President Trump is indeed facing a complex situation which he must handle with care to ensure a win win solution for the oil and gas Producers and American people, while it is clear that President Trump doesn’t want oil bankruptcies and job losses in the oil and gas sector at this difficult time for obvious reasons.

He must also avoid being seen as helping the oil companies and their CEOs at the expense of average Americans who desire cheap gasoline prices.

It must be noted that, the reality on ground is such that cheap gasoline is for now not an advantage for motorists in the United States who are scaling back on travel plans as the Covid-19 virus spreads.

Also, the refineries that usually benefit from lower prices for crude oil they use to make gasoline, diesel and jet fuel are now up against a Covid- 19-driven drop in local demand and export. According to Bloomberg “Low crude oil prices now seem more likely to hurt the U.S. economy than

to help it”. Whichever way one looks at the situation at hand, the American foreign and trade policy of free markets is under threat as November election approaches.

Texas, a Republican leaning state is by far the largest producer of crude oil in the United States. It is ranked 2nd to California in terms of states with the most population and number of electors (Electoral College).

Therefore, it is a huge prize in the November, 2020 election and President Trump cannot afford to lose the State if he must be re-elected. This sentiment is shared by Matt Egan of CNN Business when he opined thus, “the coronavirus pandemic is causing millions of job losses ahead of the November presidential election. A prolonged downturn in the US oil industry would only amplify the economic pain, especially in Republican-leaning states”.

And also by Greg Valliere, chief US policy strategist at AGF Investments, an asset management firm based in Canada, when he stated that, “What has changed is the political equation: Donald Trump cannot win re-election without Texas. It’s as simple as that”.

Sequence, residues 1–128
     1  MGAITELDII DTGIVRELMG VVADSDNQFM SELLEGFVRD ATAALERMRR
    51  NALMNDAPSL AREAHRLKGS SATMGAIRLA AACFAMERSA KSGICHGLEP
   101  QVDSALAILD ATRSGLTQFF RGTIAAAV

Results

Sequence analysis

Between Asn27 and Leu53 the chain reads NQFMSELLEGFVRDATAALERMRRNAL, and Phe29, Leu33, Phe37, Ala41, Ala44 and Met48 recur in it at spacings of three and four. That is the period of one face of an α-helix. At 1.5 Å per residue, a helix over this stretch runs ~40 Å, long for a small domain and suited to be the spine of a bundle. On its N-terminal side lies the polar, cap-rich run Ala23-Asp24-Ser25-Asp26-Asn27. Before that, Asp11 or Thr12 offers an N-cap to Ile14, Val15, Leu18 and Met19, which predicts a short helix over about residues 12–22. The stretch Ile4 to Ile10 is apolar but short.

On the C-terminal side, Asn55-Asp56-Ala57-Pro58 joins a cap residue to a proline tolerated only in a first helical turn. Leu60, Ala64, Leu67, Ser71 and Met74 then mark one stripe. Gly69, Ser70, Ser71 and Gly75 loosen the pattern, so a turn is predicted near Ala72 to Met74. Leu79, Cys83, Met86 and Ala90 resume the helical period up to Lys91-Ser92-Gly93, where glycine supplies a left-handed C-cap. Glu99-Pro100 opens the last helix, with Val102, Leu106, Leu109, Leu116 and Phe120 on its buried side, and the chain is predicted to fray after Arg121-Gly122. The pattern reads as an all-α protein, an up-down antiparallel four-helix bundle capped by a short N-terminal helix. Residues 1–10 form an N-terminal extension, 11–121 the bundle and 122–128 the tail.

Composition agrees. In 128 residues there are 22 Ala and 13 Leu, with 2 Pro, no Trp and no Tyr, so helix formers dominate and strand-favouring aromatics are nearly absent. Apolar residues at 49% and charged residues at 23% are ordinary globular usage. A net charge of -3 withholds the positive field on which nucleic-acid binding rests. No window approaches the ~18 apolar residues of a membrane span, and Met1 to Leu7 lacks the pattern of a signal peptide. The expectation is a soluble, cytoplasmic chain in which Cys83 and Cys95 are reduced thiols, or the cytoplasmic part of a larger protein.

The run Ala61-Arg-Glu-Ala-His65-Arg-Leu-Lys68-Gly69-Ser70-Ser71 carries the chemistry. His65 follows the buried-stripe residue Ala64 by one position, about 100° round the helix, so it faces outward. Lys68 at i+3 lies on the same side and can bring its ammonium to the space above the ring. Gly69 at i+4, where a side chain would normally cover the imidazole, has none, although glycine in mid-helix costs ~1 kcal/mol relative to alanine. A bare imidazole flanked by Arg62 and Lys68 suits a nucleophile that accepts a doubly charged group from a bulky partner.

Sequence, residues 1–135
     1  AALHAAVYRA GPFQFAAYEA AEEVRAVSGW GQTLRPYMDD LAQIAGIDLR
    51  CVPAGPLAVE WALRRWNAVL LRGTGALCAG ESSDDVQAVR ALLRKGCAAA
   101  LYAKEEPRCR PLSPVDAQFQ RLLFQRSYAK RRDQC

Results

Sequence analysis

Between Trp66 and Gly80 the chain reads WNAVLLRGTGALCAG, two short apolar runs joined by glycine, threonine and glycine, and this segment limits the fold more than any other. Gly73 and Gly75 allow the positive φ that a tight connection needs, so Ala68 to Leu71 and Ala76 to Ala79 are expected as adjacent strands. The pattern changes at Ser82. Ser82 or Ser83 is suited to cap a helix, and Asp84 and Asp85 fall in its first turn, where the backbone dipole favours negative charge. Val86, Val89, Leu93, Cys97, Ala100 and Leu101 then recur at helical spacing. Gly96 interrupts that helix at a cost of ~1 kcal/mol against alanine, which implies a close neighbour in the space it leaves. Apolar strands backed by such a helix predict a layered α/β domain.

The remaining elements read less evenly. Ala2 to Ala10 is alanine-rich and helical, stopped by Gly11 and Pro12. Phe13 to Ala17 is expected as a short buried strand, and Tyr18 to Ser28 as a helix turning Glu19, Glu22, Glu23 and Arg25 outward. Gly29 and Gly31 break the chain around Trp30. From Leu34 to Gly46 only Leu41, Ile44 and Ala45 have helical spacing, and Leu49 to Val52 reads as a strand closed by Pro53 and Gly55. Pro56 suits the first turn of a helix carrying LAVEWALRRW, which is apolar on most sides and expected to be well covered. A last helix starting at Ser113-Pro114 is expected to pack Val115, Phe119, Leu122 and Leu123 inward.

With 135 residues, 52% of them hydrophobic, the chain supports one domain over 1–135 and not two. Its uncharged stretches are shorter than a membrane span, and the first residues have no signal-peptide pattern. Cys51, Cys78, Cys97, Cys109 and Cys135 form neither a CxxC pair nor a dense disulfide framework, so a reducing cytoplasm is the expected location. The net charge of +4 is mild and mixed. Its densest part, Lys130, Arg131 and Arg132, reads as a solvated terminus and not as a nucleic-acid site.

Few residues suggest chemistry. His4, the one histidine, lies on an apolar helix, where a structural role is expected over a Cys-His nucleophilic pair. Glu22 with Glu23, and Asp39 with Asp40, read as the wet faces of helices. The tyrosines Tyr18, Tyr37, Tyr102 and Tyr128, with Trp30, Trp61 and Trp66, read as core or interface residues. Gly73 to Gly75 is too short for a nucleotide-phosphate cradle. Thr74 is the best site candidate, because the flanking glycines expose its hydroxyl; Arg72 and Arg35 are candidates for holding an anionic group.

It is pertinent to state that, at this point, President Trump is not only under pressure to protect his political interest in the Republican leaning oil producing states, the interest of his wealthy supporters in the oil and gas sector whose fortunes are on the line as well as employment of workers whose jobs are concentrated in the Republican leaning states like Texas, Louisiana, Alaska, North Dakota, South Dakota, Mississippi, Wyoming and Oklahoma, but, also under pressure to reward a sector that has consistently supported his government and campaign for re­election.

As reported in Politico, an American Magazine, “President Trump has already raked in some $1.8 million in campaign contributions from Big Oil for his re-election campaign and the industry donated over $6.9 million to his inauguration fund. Trump has at least $9 million reasons to support a Big Oil bailout”.

OPEC+ at their meeting of 12th April, 2020 held via video conference agreed a record oil deal that will reduce global oil output by about 9.7 million barrels (10% of global output) per day with an expectation and a non­binding understanding that, the United States shale producers, Canada, Brazil, Norway and a few other oil producing countries not part of OPEC+ would cut production by 5 million barrels per day.

Realwan Okpanachi, Esq is Energy Law Practitioner. He writes in from Abuja, Nigeria